"It seems clear," wrote federal Judge Marion Callister in his recent decision on the Equal Rights Amendment, "from the statements of the founding fathers and from most courts in considering the amendment process that a ratification is linked to that great wellspring of legitimate constitutional power--the will of the people." That is precisely why a major section of his decision--namely, that Congress acted unconstitutionally in extending the time limit for ratification--is wrong and should be promptly corrected by the U.S. Supreme Court.
The operative word here is promptly. State legislators meeting during the next three months now have no idea whether there is even any point in considering the amendment. Unless the Supreme Court acts promptly, the will of the American people, as expressed in state legislative votes, will be obscured, not by constitutional requirements, not by binding legal precedents, but by arguments Judge Callister has pulled out of thin air.
Congress originally set a seven-year time limit for ratification of the Equal Rights Amendment by 38 states. When the deadline approached and only 35 states had ratified it, Congress, by a majority vote, extended the deadline by three years, to June 30, 1982. During this time, no state has ratified it. Meanwhile, five states have taken actions that they claim rescind their ratifications. The case that came before Callister in Idaho involved the right of states to rescind ratification of an amendment and the constitutionality of Congress' vote in 1978 to extend the time limit for ratification. TT he goal of the amendment process, T as Callister repeatedly argues, is to establish a consensus of the American people. The process is stated in Article 5 of the Constitution, which says that Congress, by a two-thirds vote, shall propose an amendment to the states and if three-quarters of the states approve, the amendment becomes part of the Constitution. There is no constitutional time limit in which an amendment must be approved or rejected. Congress has set time limits in some cases and in others has let the amending process go on for years.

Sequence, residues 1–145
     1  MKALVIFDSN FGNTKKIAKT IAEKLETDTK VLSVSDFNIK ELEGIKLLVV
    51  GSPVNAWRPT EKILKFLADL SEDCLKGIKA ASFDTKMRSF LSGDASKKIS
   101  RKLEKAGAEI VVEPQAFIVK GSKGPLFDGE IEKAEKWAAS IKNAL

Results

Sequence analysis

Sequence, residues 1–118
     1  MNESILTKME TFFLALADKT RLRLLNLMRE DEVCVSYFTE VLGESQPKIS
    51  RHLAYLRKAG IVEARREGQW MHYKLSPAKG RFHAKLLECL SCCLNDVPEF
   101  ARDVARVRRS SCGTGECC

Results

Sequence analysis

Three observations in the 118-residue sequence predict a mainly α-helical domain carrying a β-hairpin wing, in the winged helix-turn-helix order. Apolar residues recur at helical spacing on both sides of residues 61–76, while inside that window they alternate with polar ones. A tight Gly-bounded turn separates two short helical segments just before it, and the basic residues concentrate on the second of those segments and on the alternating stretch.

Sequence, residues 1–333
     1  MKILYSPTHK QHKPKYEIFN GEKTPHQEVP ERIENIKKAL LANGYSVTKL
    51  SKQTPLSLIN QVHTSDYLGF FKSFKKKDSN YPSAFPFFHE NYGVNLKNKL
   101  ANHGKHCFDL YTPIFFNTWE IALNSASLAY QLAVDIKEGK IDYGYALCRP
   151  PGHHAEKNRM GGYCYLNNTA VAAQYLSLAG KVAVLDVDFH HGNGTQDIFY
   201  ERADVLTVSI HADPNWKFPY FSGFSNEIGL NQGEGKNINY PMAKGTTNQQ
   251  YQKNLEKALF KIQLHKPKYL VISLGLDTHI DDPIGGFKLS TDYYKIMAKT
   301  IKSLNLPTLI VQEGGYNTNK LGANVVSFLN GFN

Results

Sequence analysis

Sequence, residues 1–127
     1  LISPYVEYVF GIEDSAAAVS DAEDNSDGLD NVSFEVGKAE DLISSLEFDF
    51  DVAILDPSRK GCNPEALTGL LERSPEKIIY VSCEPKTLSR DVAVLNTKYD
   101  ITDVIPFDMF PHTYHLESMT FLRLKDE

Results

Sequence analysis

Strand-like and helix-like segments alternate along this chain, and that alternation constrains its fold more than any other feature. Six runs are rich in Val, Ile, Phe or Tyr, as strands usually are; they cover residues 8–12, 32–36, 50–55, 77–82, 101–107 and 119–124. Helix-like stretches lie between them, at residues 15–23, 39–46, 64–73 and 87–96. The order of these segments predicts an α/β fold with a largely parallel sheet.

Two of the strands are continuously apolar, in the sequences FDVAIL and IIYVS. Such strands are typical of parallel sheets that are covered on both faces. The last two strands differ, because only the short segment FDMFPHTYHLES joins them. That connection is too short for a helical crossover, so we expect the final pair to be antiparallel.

Although Callister did not rule on the merits of the individual states' recision votes, which are also being contested, he did rule that states had the power to rescind "especially when that act would give a truer picture of local sentiment regarding the proposed amendment." That has an appealing element of fairness: If legislators can vote again and again during the ratification period on an amendment they've turned down, should they not also be able to vote again and again on an amendment they have previously approved?
Citing the goal of determining the will of the people, Callister ruled states could rescind, despite the fact that Congress, at the time it voted to extend the time limit, voted against allowing states to rescind. But Callister ignores that overriding goal when it comes to the question of Congress' power to extend the ratification time period. II n the process, Callister--severely, and I without legal basis--circumscribed Congress' powers in the amending process. Callister argued that the time limit, which is in the preamble to the amendment, was a substantive part of the amending proposal. "Once the proposal to the states is made, Congress is not at liberty to change it," he wrote.
He also decreed that even if Congress can change its proposal, it must do so by a two-thirds vote, another conclusion he arrived at without precedent.
Callister is a former high official of the Mormon Church, which has opposed the ERA. Although the Carter administration's Justice Department filed a motion asking him to step down from the case because of this conflict of interest, he declined, and the result is a ruling that because of its timing and its internal contradictions threatens to subvert the political process by which we amend the Constitution.
The point of the amendment process is not to see how fast it can be done; it is to determine the will of the people. Callister made that a paramount consideration in ruling that states that have ratified could change their minds. But in his ruling that Congress could not extend the time limit, the will of the people was nowhere to be found.